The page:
The U.S. Justice Department said Wednesday it will review the Memphis Police Department and the use of specialized units within law enforcement in the wake of the fatal beating of Tyre Nichols in January.
The agency said its Community Oriented Policing Services office will conduct a review of certain policies and practices by the Memphis police at the request of Mayor Jim Strickland and Police Chief Cerelyn Davis.
The review will cover “policies, practices training, data and processes related to the MPD’s use of force, de-escalation and specialized units,” the agency said.
The officers involved in the Jan. 7 beating of Nichols were part of the department’s Scorpion unit, created to address rising violent crime in Memphis. The unit was permanently deactivated following Nichols’ death on Jan. 10. He was 29.
On Wednesday, the Justice Department said it would also produce a guide for police chiefs and mayors across the country to help them assess the appropriateness of the use of specialized units, as well as how to manage and supervise them, including a review of policies, tactics, training, supervision, accountability and transparency.
“In the wake of Tyre Nichols’ tragic death, the Justice Department has heard from police chiefs across the country who are assessing the use of specialized units and, where used, appropriate management, oversight and accountability for such units,” Associate Attorney General Vanita Gupta said in a statement.
“The COPS Office guide on specialized units will be a critical resource for law enforcement, mayors and community members committed to effective community policing that respects the dignity of community members and keeps people safe.”
The announcement came as the city of Memphis is set to release 20 hours of additional video footage of the beating of Nichols. Authorities announced Tuesday the completion of an investigation into his death.
The video, along with new charging documents, will be unveiled Wednesday more than a month after initial camera footage was released. Five former Memphis police officers have pleaded not guilty to second-degree murder charges in the beating.
With the investigation wrapped up, City Attorney Jennifer Sink on Tuesday released all the remaining evidence in the case to the Memphis City Council’s Public Safety Committee. She said she would reopen the case if any new information developed.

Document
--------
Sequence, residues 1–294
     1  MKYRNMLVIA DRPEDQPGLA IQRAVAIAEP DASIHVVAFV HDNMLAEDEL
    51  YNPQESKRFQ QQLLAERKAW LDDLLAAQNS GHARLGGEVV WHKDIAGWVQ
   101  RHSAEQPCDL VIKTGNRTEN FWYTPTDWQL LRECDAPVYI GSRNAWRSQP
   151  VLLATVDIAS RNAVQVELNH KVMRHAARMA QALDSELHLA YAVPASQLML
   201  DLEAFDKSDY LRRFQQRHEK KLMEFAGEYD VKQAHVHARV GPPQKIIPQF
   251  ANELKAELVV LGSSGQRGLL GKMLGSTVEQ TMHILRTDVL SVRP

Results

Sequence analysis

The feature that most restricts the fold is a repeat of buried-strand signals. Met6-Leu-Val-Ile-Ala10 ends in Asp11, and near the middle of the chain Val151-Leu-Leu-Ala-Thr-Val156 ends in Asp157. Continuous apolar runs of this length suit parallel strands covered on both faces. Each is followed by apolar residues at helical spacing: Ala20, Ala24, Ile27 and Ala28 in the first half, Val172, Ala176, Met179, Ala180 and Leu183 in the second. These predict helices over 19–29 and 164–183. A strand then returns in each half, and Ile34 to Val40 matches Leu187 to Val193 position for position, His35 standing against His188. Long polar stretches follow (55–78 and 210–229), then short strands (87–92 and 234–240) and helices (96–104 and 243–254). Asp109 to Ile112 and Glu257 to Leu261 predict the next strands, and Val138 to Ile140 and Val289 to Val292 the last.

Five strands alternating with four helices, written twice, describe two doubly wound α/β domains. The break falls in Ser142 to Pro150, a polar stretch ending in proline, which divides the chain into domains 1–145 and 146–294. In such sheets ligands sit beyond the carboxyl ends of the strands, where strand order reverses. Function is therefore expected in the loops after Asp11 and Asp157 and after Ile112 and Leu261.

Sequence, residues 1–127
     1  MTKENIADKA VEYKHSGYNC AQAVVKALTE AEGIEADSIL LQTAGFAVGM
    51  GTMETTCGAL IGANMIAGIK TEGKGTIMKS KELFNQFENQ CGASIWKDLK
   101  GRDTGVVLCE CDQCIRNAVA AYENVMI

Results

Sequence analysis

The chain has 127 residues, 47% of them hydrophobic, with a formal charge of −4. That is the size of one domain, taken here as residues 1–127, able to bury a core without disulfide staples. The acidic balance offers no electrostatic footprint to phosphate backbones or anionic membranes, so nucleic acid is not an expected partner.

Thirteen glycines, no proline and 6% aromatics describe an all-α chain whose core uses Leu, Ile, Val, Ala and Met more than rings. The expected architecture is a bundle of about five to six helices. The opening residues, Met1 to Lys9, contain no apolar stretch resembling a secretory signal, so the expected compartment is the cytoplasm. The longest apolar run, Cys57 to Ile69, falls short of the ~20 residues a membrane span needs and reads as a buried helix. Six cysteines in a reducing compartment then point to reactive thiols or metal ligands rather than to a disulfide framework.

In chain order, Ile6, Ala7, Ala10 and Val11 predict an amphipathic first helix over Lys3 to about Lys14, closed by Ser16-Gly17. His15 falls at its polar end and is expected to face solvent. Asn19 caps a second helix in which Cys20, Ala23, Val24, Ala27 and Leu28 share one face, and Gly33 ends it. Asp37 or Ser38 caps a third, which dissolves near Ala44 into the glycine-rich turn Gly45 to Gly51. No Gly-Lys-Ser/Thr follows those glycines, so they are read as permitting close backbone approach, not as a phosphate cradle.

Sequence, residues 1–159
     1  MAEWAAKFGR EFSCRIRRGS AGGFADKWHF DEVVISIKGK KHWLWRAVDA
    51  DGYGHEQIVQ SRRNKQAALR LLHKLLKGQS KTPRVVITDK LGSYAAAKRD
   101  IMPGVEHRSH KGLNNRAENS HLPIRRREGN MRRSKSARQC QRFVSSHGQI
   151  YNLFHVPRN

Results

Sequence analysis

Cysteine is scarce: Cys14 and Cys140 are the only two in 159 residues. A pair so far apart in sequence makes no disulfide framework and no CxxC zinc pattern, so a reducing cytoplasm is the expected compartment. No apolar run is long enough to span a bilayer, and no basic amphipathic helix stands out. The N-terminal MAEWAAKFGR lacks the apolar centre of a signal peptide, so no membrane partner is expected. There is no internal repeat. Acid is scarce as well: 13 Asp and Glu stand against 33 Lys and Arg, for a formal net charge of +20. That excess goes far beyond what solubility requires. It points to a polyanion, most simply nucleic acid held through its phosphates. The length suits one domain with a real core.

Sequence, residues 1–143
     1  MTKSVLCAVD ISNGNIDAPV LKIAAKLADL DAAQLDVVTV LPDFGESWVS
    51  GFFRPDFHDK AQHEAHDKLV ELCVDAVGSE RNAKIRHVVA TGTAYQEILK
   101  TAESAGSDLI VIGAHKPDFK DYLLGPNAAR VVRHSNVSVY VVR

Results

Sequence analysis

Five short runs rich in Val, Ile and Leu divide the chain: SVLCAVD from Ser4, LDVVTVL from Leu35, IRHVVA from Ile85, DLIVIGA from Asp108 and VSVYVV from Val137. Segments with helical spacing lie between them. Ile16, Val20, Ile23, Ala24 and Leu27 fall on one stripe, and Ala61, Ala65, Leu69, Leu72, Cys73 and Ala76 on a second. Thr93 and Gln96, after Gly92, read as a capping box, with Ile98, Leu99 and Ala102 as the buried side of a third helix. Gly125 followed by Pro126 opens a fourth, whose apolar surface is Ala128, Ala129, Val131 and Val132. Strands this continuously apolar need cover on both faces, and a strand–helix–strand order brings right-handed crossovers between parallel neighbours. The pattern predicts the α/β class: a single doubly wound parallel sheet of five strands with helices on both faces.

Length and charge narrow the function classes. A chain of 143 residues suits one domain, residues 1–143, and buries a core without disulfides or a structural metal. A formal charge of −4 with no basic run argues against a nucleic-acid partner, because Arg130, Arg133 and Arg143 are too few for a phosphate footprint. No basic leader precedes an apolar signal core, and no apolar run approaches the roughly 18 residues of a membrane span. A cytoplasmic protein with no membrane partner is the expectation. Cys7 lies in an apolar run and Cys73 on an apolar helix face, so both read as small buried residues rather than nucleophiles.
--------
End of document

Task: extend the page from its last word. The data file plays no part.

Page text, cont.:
Sink also presented the panel with additional charging documents that contain more details about the actions of emergency responders, some who have been fired for not doing enough to help Nichols at the scene.
The investigation ensnared 13 Memphis police officers, including seven who were fired, three who have been suspended, two who had internal charges dismissed, and one officer who retired to avoid a termination hearing. Under the city’s pension rules, officers can retire with full benefits, even if a disciplinary action was pending.
Sink said one officer had been suspended for placing his hands on Nichols’ legs during the fracas, however, he never struck him.
The suspensions were to be served without pay, but further training was not ordered for any of those involved.
Four emergency responders with the Memphis Fire Department were also investigated, and three were fired for failing to render aid to Nichols at the scene; while the status of the fourth subject was not disclosed.
The state medical board also took action, suspending the licenses of two EMTs, one of who said the incident happened during his first day on the job.
The former officers — Justin Smith, Tadarrius Bean, Emmit Martin III, Demetrius Haley and Desmond Mills Jr. — who posted bond after their first court appearance in February, also face counts of aggravated assault, kidnapping, official oppression and official misconduct.
Each is due back in court on May 1.
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